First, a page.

I chose the softly, softly approach. I waited until we went out to dinner one night at his favourite restaurant. The Handsome Australian loves Indian cuisine so we went to one of the many great places Melbourne has to offer. We had ordered our dinner and were nibbling away on the entrees (that's Australian for appetizer...well, to be fair it's really a French word meaning entry or entrance and while I question the Australian use and spelling of many words, I have to say I'm with them on this one. It just makes sense that entree would be the first dish you'd have in a meal but I digress....) a lovely plate of samosas, chicken tikka and vegetable pakoras. The Handsome Australian was clearly enjoying himself so I thought, Now's as good a time as any...
Me: Casually, "So I've been having a think about this whole crazy obsession everyone in this town seems to have with the footy."
HA: Far too interested in the food to understand the magnitude of what was about to pass from my lips, "Yeah?"
Me: Realising his obsession with the food might allow me to sneak this past him without a great deal of drama, "Yeah and I decided that it was time that I chose a team to barrack for as well. I mean I don't want to feel left out of it or anything."
HA: Looking up as he takes a bite out of a pakora and saying very unfussed, "Oh well, that's easy. You can barrack for Geelong like I do. They're a great team. They can use all the supporters they can get this year."
Me: Realising that I might not slip this under the radar like I had first anticipated, "Yeah I've thought about that. Your brothers have sung their praises to me in many a conversation. I know you all love some guy named Abbott or...
HA: Cutting me off before I could finish, "Ablett. You mean Ablett. Gary Ablett or GOD as we like to call him. Greatest player ever to take the field for Geelong or any team for that matter. Do you know how many goals he kicked in his career?"
Me: Not sure if that was a rhetorical question or I was supposed to answer, but wanting to continue with my mission regardless, "No, I don't really know how many goals he kicked, but I know your brothers worship him and they made me watch some video the other day from the 1989 Grand Final. Um yeah, he's not that good looking you know."
HA: In disbelief, "Good looking? Good looking? You are talking about one of the greatest footballers of all time. Who cares if he's good looking. He was a bloody good footballer."
Me: Wondering if the Handsome Australian always looks this irritated when eating pakoras or if perhaps it's just this conversation. Hmm. Soldiering on, "Well, 'bloody good footballer' or not, your brothers said he's retired now and doesn't play for Geelong anymore so I couldn't factor that in to my choice of a team to support. Sorry."
HA: Looking confused and probably beginning to wonder where this whole conversation is heading, "Well it doesn't matter what factors you considered as long as Geelong was the conclusion you came to, you'll be right."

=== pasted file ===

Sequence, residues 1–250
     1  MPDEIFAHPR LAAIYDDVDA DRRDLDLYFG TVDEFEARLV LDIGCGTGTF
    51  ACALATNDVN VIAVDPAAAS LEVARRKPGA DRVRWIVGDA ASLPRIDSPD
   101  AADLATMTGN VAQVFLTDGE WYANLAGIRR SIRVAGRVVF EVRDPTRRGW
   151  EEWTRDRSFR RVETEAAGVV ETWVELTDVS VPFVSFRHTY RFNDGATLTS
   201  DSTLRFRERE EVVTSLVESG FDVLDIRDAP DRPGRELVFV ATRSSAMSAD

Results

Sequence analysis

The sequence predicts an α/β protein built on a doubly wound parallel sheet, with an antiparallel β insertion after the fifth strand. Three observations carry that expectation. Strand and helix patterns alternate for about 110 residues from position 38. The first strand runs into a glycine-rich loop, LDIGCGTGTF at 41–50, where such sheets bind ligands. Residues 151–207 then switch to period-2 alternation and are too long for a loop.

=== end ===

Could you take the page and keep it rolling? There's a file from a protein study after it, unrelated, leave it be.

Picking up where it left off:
Me: Uh-oh you handsome thing, prepare yourself, "Well darling, I considered many factors and I did quite a bit of research. You'd be proud of me--really you would--and well, you see I've come to the conclusion that I will be barracking for Carlton."
HA: Spitting out a bit of chicken tikka, eyes popping out of his head, "You are barracking for WHO? Carlton? Are you SERIOUS? Get outta here--you can't barrack for Carlton. They may be going okay this season, but they've got nothin' on Geelong. How'd you come to this anyway?"
Me: Wondering how much of my scientific method I should explain to him. Tactfully, "I'd really rather not reveal my method but please understand this isn't a decision I take lightly. I've really put some deep thought into this (does drooling over photos of SOS count as thought?) and I just want you to respect my choice."
HA: Smiling cynically, "Ok, fine. You want to barrack for Carlton? Go ahead, barrack for Carlton. But keep in mind that I barrack for Geelong, my brothers barrack for Geelong, my Uncles barrack for Geelong--my entire extended family barracks for Geelong and the Geelong games are the only games we are going to go and see. So you can join us in our love for the greatest club in the comp (that's Aussie for competition) and come along to the games and enjoy yourself or you can sell yourself short and become a Bluebagger (slang for Carlton supporter) and go to the one game of the season when Geelong plays Carlton and we kick your arse (that's Aussie for ass).
Me: What? Did he just say I'd only get to go to one game if I barrack for Carlton? Sweet. This whole Carlton thing has worked out better than I thought it would. "Well, I know it's hard for you to take, but I'm going to stick with the Blues. I'm willing to accept the fact that I may only be able to attend one game this year. I'd rather that than having to compromise my personal choice just to jump on your bandwagon."
Learn the Lingo